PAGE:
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How to survive a big data breach

Today, I interview Frank Blake, who as CEO brought Home Depot through a massive data breach. Frank’s a former co-clerk of mine, a former Deputy Secretary of Energy, and the current host of Crazy Good Turns, a podcast about people who have found remarkable, even crazy, ways to help others. In addition to his insights on what it takes to lead an organization, Frank offers his views on how technology can transform nonprofit charitable initiatives. Along the way, he displays his characteristic sense of humor, especially about himself.

In the News Roundup, I ask Matthew Heiman if Google could have had a worse week in Washington. First Peter Thiel raised the question of whether it’s treasonous for the company to work on AI with Chinese scientists but not the US Defense Department, then Richard Clarke, hardly a conservative, says he agrees with the criticism. And, inevitably, President Trump weighs in with a Thiel-supporting tweet. Meanwhile, on the Hill, Google’s VP says the company has “terminated” Project Dragonfly, an effort to build a search engine that the Chinese government would approve. But that doesn’t prevent conservatives from lambasting the company for bias against conservatives and an unfair subsidy in the form of Section 230 of the Communications Decency Act. The only good news for Google is that despite all the thunder, no lightning has yet struck. Or so we thought for about five minutes, at which time Gus Hurwitz noted that Google is likely to face multimillion-dollar fines in an FTC investigation of child Internet privacy violations, not to mention a rule-making designed to increase the probability of future fines.

Speaking of which, European lightning struck Amazon this week in the form of new competition law scrutiny. Gus offers skepticism about the EU’s theory, and I offer counter-skepticism.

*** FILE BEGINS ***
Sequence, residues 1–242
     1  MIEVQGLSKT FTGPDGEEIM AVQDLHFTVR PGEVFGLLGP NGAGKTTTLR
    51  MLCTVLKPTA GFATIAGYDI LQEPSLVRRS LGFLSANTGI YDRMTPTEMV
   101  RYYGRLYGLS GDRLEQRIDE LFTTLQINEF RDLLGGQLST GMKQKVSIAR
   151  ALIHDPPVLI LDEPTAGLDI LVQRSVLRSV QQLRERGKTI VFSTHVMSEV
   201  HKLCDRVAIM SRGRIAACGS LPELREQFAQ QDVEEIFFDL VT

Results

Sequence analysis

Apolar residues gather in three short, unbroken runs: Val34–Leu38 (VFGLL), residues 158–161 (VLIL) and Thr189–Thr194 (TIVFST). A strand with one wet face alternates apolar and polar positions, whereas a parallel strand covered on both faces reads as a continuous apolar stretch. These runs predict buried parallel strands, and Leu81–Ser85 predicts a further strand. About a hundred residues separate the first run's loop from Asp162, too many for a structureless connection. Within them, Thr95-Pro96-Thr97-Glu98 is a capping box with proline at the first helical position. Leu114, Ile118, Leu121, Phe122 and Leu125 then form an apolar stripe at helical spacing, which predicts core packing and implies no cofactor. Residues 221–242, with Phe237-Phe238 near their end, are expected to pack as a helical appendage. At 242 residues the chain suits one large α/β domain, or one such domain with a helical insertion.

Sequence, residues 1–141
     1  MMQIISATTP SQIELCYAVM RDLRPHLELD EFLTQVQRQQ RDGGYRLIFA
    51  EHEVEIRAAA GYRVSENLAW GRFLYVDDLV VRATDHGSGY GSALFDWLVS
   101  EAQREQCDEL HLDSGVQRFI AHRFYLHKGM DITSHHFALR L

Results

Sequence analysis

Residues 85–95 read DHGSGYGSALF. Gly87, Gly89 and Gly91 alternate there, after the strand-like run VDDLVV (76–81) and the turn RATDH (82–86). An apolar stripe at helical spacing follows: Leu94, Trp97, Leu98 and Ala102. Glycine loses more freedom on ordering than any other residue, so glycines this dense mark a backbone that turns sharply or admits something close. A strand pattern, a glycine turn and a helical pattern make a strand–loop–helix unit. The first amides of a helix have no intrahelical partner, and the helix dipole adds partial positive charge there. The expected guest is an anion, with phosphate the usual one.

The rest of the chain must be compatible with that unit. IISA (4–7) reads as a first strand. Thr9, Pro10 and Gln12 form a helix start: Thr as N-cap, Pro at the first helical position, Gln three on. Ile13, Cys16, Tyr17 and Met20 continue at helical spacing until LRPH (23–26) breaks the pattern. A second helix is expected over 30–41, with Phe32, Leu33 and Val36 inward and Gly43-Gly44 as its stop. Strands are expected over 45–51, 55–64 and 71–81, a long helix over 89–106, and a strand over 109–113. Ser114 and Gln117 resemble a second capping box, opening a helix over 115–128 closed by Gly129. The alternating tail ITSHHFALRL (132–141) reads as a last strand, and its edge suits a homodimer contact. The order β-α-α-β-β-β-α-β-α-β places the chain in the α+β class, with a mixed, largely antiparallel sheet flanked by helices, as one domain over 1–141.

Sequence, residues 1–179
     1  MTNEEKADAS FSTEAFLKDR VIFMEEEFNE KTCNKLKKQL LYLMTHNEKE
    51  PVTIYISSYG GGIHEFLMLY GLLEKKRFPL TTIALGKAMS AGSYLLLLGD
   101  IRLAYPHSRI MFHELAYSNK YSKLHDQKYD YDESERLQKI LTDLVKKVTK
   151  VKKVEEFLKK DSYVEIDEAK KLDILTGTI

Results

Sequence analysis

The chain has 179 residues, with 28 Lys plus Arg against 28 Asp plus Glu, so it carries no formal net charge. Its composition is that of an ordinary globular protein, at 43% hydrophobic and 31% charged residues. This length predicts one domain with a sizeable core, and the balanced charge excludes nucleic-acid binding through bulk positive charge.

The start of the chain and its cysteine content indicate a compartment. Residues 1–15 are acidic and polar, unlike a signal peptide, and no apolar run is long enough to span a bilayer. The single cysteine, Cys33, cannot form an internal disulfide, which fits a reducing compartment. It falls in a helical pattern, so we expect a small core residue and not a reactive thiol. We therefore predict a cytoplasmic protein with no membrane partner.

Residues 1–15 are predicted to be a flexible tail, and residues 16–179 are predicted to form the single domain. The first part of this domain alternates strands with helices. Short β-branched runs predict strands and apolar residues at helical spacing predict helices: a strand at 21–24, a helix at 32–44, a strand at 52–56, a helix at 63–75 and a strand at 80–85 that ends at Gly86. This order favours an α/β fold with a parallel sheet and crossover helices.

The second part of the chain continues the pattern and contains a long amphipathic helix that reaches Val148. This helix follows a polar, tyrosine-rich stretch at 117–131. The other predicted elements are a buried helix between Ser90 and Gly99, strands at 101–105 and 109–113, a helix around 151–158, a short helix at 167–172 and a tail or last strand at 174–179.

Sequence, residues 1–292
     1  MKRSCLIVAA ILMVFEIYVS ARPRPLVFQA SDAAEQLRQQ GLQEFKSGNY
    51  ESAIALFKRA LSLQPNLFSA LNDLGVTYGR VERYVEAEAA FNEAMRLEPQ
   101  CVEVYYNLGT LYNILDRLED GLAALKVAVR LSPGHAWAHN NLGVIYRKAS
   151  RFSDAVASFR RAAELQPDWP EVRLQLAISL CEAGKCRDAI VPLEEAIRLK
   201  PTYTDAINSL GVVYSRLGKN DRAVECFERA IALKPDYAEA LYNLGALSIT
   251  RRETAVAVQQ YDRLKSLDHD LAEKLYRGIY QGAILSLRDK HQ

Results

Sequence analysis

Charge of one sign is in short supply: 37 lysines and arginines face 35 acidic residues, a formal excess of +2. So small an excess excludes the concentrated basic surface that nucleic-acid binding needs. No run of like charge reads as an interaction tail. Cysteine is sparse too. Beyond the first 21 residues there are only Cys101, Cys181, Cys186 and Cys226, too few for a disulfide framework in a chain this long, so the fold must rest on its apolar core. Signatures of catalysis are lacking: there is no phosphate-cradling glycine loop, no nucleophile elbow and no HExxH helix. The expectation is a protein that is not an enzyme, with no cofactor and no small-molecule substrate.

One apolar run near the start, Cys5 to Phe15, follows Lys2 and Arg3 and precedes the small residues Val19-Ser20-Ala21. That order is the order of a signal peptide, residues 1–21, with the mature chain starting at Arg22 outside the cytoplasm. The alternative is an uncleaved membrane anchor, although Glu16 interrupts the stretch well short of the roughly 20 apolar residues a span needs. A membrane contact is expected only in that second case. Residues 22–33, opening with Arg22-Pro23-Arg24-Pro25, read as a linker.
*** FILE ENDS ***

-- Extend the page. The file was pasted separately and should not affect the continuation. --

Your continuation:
Julian Assange has completed his transformation from free-speech crusader to feces-speech crusader. Nick Weaver is astonished at the way Julian Assange managed to turn the Ecuadorian embassy into a fist-fighting, feces-smearing, election-meddling command post.

Nick also predicts that Kazakhstan will lose its war with Silicon Valley browser makers over a man-in-the-middle certificate the Kazakh government is forcing on its citizens in order to monitor their Internet browsing.

And in short hits, Gus questions whether $650 million is a harsh settlement of Equifax’s data breach liability; Nick closes the books on NSA hoarder Hal Martin’s 9-year prison sentence; and Nick explains the latest doxing of an intelligence agency – this time a contractor for the Russian FSB.

Download the 273rd Episode (mp3).

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As always, The Cyberlaw Podcast is open to feedback. Be sure to engage with @stewartbaker on Twitter. Send your questions, comments, and suggestions for topics or interviewees to [email protected]. Remember: If your suggested guest appears on the show, we will send you a highly coveted Cyberlaw Podcast mug!

The views expressed in this podcast are those of the speakers and do not reflect the opinions of the firm.


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About The Author

Stewart Baker

Founded in 1968, Reason is the magazine of free minds and free markets. We produce hard-hitting independent journalism on civil liberties, politics, technology, culture, policy, and commerce. Reason exists outside of the left/right echo chamber. Our goal is to deliver fresh, unbiased information and insights to our readers, viewers, and listeners every day. Visit https://reason.com

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